The Psych Ward, Ten Years Out

woman outside the Professional Union for Woman Suffrage holding a banner that reads Forward out of error / Leave behind the night / Forward through the darkness / Forward into light.
Forward out of darkness. Harris & Ewing, photographer. [Women’s Suffrage]. [Between 1910 and 1920] Image. Retrieved from the Library of Congress.
A few days before Halloween in 1998 my mother hauled me out of the chair I’d been living in and into the car and into the hospital, where I signed a great many pieces of paper, including the ones that said I was committing myself to the psychiatric ward. I seem to remember that I was riding in a wheelchair, although that seems unlikely, since surely my legs were still working, even if I wasn’t inclined to use them. But the wheelchair is an appropriate metaphor (although I realize this is about to be hugely insulting to wheelchair users, for which I do apologize): some one had to push me, because there was no way I was going to move anywhere unless acted upon by an outside force.

I was what they call a voluntary committal, which is to say that I was not ordered into the ward by a judge. I would not say, however, that I went voluntarily: I was not volunteering for anything at that point, although I suppose if God had said, “Hmm, we need someone who’s willing to die,” I would have stepped forward.

Due to the vagaries of medical fads and the travesties of managed care, psych wards nowadays function as little more than holding tanks for the suicidal. As soon as they decide you’re not going to do yourself in, they let you out, regardless of whether or not you feel any better. As Kay Redfield Jamison points out in Night Falls Fast, this discharging is not a particularly good or helpful policy, since a great many suicides occur just after people are let out of the hospital.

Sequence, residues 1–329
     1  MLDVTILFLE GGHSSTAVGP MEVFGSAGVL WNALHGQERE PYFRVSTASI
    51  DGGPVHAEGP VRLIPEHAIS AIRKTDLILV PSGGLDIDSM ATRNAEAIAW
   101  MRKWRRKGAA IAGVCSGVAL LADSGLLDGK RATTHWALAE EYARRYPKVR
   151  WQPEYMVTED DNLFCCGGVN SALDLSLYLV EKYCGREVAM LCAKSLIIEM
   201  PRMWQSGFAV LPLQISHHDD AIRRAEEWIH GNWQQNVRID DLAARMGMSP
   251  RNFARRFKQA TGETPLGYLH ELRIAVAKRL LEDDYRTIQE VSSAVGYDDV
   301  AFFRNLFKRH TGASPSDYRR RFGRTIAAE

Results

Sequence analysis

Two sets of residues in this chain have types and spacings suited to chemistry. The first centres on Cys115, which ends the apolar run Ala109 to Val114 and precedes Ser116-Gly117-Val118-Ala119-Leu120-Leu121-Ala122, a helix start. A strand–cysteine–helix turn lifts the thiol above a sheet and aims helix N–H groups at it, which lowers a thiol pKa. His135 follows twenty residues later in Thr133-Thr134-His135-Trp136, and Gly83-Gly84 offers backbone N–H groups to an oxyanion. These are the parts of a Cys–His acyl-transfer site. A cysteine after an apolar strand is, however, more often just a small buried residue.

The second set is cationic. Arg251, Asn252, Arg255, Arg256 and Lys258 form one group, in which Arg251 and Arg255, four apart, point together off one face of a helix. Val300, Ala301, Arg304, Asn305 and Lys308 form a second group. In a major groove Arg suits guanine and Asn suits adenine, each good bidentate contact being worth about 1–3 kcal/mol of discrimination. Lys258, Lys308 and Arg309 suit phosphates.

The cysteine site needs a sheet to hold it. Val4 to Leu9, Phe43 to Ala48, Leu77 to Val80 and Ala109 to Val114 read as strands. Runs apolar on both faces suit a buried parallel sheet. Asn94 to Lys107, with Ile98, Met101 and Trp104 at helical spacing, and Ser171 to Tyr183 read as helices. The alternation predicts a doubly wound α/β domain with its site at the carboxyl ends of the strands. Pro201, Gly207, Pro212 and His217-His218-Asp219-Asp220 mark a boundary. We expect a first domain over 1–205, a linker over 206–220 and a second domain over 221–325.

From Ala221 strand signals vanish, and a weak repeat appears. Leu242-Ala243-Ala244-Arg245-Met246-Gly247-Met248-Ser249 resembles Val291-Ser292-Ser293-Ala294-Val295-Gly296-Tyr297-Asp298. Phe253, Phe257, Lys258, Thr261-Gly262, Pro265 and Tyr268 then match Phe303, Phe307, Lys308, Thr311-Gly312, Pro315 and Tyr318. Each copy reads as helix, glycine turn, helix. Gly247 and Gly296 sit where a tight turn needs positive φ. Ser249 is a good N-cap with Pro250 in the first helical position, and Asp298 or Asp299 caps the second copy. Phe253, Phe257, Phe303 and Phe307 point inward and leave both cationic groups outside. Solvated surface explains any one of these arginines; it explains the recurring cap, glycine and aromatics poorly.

The psych ward was, I suppose, useful to me in one way. I loathed the place. It was small and crowded; the windows didn’t open and the blinds, which were set in between two panes of glass, could only be tilted, not raised or lowered. The furniture in the main room was uncomfortable, and uncomfortably close to one’s fellow residents. The smoke leaked out from the smoking room. The TV was always on. If you sat in your room to read or think or just not be around people, they marked you down as unsocial. There was another little TV room where you could watch movies borrowed from the hospital library, supposing you could get someone to go there for you, or had privileges enough to go by yourself. They would not give you caffeinated coffee, not even in the morning, though they’d sell you pop at 8 p.m. They had an alarming fascination with your bowel movements, or lack thereof. And they would not let me vote.

Somewhere, in all my stacks of paper, I still have an evaluation form they sent me after my hospital stay. I have been carting it around all these years because I keep thinking that someday maybe I will be mellow enough to complain about the experience without screaming, but that day has not come.

I was only on the ward for five days, but I was under the highest level of lockdown the whole time. I could not leave the ward, no matter what, not even in a straitjacket with multiple attendants. That meant I couldn’t go to one of the many absentee voting booths set up around the hospital during the weeks before an election. I asked every doctor, every nurse, and every aide I saw. “How will I be able to vote?” Not one of them answered me. It was an off-year election, and I suppose that most of the other people on my ward, who mostly had schizophrenia and were fairly heavily medicated, were perhaps not very in touch with current events and thus not as interested in the whole business of participating in the democratic process as I was. But I was appalled.

So I suppose you could say that it was, in the end, my belief in democracy that saved me from depression. I worked as hard as I could to get out of that place. I spent all my time in the common room and played Yahtzee with people who didn’t know where they were. I watched day time television. (Seriously, all the stuff they tell you is bad for you in the outside world they totally push in the psych ward–the place is smoke free now, but when I was there, I swear the answer to every complaint was “go take a smoke break” or “go watch TV.”) My mother very kindly started bringing me coffee in the morning. It was, for some reason, permissible to have someone bring coffee to you, but they’d only give you decaf. I ate the horrible hospital food and stopped making extra-big circles around the COFFEE option. And it worked, I guess. I was discharged on election day. I walked the four blocks home to my mother’s house, got in my car, and drove to my polling place.